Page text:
How to Recover from a Blown Budget

by Alexa Mason · 16 comments

Have you ever had a week (or maybe two) when your spending got out of hand? My last two weeks have been like that.

I had major family obligations to deal with, I started helping more at my dad’s business, and I took on another small freelance job — all within the same week. Life got crazy.

Needless to say, I let overwhelm take over, and my money pretty much flew out the window.

When it comes to budgeting, falling off track is a common problem. Here’s how I’ve recovered from my overspend, and how you can do the same:

Stop Dwelling

I ate out almost every night for the past two weeks. The house remained a wreck, and I stacked my unopened bills on the corner of the kitchen table.

Going over budget sucks, but it’s not the end of the world. Life happens: you can’t be perfect all the time.

Acknowledge that you messed up, then move on. Obsessing about it isn’t going to bring your money back.

Get Back in Your Old Routine

After recovering from a couple weeks of burnout, I started getting my financials back in order by returning to my old routines. I also played a little bit of catch up: paid my bills, balanced my checkbook, and took care of some transfers.

Sometimes when you fall off track, it makes you want to stay off track. It takes more effort to jump back on the bandwagon than it does to remain on the same path. That’s why it’s important to get back into your old routine as soon as you have the chance.

Get everything caught up, map out a plan for the remainder of the month, and immediately return to your former routine.

Blown budget

Temporarily Cut Expenses

These past few weeks, I’ve earned a little extra money. My overspending, therefore, didn’t get in the way of paying my bills — it just prevented me from saving the extra money like I’d planned.

I still desperately wanted to add a little extra to my savings this month, so I decided to temporarily cut back on my expenses.

If you need to cut back, consider the following tactics:

  • Eat at home until you’ve cleaned your shelves out
  • Have “no-spend” days, when you don’t spend a single penny
  • Skip paid entertainment and opt for board game nights or free concerts

If you’re still facing a budget discrepancy, you may have to look for extra ways to earn money for the month. Consider selling something or picking up extra hours at work.

The point is: if you’ve blown your budget, don’t beat yourself up too badly. We all make mistakes. The important thing is to pick up where you left off and get back to your budget as soon as possible.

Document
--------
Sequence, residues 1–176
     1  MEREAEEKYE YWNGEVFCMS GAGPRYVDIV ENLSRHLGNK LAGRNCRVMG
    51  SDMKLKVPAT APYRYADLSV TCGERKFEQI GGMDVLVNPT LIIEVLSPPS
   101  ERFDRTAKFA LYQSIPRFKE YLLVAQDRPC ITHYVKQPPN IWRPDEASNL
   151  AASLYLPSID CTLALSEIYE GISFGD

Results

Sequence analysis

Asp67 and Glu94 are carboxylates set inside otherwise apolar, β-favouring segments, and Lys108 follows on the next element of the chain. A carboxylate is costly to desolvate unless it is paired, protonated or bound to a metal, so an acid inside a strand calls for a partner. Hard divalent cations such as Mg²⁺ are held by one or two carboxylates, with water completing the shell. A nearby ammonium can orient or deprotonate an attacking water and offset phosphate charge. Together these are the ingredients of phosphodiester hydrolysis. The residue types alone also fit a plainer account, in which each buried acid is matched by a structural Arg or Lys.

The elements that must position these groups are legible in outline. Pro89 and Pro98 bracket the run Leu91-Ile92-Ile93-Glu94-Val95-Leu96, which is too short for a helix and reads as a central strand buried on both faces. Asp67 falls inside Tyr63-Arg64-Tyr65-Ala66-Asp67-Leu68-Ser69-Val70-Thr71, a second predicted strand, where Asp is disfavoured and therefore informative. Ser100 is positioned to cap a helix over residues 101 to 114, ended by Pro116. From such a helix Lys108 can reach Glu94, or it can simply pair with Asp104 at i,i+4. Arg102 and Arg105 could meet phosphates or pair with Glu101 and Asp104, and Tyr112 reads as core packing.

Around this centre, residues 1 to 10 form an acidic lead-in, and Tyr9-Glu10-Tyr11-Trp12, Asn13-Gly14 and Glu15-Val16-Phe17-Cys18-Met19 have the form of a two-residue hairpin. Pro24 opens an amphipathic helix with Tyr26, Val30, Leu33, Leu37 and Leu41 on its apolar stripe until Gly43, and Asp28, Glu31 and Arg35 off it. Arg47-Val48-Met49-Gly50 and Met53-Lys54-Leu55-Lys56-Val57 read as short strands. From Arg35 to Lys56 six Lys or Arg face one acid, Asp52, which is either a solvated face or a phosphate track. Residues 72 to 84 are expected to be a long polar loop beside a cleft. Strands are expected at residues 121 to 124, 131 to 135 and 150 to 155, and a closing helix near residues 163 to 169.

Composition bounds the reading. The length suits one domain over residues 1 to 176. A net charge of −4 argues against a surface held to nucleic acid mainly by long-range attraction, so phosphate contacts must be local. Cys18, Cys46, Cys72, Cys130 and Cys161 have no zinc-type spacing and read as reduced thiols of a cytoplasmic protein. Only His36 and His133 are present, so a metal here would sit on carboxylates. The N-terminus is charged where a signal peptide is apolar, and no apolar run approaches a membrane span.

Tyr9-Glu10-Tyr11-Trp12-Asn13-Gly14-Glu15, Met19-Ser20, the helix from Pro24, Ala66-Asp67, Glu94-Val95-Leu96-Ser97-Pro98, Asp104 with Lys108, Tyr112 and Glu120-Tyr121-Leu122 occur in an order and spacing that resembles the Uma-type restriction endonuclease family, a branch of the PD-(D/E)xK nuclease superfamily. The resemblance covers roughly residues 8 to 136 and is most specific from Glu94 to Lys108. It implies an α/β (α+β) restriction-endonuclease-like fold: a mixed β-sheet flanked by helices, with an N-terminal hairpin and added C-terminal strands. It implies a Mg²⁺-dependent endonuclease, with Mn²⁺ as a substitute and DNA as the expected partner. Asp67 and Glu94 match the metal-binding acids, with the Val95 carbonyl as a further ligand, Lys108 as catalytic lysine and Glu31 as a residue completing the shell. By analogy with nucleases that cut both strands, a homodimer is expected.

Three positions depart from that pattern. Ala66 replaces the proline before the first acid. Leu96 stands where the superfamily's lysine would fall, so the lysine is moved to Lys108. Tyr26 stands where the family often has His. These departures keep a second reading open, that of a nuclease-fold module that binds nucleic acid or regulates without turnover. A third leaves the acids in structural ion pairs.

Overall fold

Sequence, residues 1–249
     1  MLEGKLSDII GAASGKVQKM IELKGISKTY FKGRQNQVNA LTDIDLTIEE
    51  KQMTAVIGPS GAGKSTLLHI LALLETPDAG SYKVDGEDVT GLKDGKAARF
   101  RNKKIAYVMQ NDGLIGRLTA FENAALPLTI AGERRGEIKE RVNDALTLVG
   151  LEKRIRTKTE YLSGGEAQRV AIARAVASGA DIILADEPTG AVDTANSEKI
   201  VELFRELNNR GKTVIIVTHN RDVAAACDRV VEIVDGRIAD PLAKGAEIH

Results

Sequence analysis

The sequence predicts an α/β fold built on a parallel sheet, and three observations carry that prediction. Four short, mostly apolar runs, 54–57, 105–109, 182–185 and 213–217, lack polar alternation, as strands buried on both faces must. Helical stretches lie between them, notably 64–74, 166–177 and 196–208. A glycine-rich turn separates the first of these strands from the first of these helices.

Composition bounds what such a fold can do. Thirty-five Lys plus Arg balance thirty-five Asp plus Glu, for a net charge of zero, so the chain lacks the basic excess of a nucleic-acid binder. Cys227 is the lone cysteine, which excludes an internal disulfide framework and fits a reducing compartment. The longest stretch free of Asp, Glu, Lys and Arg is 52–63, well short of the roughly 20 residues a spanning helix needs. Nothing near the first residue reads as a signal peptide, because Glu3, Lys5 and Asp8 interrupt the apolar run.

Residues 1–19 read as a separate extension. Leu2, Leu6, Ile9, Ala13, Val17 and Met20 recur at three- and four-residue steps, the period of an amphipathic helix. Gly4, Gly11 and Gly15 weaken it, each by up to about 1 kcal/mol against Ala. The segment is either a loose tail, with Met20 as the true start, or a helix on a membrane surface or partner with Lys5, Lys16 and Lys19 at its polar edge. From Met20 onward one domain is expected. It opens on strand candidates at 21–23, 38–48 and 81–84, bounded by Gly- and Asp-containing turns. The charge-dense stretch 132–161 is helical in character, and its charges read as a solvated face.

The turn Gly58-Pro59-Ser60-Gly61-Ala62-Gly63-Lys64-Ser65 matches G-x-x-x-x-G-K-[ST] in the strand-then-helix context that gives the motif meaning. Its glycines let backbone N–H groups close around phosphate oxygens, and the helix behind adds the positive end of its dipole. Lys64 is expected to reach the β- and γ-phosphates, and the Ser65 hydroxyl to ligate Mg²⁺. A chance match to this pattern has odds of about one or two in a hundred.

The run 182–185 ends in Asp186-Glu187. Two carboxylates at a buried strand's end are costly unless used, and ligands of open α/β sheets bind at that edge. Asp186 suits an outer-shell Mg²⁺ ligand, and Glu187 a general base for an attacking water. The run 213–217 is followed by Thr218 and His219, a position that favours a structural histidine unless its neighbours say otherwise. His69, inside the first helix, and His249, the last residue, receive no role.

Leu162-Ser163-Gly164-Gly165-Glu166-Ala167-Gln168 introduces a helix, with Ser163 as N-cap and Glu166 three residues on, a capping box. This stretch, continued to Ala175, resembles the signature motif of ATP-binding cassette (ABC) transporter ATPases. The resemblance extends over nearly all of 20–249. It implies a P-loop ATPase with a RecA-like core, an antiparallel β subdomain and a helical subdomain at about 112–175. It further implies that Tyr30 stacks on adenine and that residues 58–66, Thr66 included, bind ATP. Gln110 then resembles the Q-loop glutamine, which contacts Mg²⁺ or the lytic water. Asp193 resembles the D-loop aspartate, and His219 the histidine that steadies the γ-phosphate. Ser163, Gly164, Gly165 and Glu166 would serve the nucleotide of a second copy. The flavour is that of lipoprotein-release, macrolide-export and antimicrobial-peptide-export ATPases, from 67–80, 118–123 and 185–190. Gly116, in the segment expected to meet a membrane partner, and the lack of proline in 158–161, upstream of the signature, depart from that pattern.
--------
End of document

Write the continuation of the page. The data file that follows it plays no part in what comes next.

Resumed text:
When’s the last time you blew your budget?

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{ read the comments below or add one }

  • You must go through your budget again and see what you can save or change so it gives good results and get back on budget.

  • dojo says:

    He he, this hits home. We clearly blew our budget, well, I didn’t even have time to work on the budget in the past 2 months, with a newborn, so we’ll need to get back on our feet. Excellent advice.

    • David Ning says:

      Congrats on the newborn! With a new member in the family, you will need updated numbers on your budget anyway so this is the perfect time to get back into the groove.

  • Lauren says:

    I hate when this happens, and I tend to beat myself up over it. We had some busy days this month and ended up ordering pizza quite a bit. Hopefully April will be better and we’ll be able to reduce spending to make up for it.

  • I needed this. We blew the budget – at least so far for March – and I have been struggling with getting my mindset back where it needs to be. We are doing 6 no-spend days until the end of the month. We figure that is about as much as we can do to get back on track.

  • Alex says:

    A very truthful account of what we most go through, at least at some point. I’ve been guilty of ducking in and out and a budget and doing little but panic about getting back on track.
    A ‘no spending’ day is always a good one. I’ve done this on a few occasions as a semi-punishment, not too harshly though.

  • David Ning says:

    It’s okay for me to spend more in some months because I always make sure I don’t spend right up to the limit in most months.

    Think of spending as water in a bucket. If you always fill it right up to the maximum of what the bucket could hold, then even an additional drop of water is going to make a spill.

    Consider instead with leaving some room in your bucket every month. This way, a bit more water in the bucket becomes a non-event!

  • Eating out is one of the most expensive “activities” that sometimes blew my budget off. I usually get back on track by cooking more and eating at home.

  • We’ve had this happen a number of times and always seems to go back to when you’re just crazy busy. We intend to stay on budget, but we allow things to get in the way. We usually get back on track by cutting some expenses and committing to stopping whatever activities seem to be the worst.

    • David Ning says:

      How about not compromising and always allowing time to prepare lunches/dinners ahead of time? I am by no means immune, as I tend to spend more when I’m busy/stressed out too, but you wouldn’t skip brushing your teeth just because you are busy right?

      It’s all about priorities!

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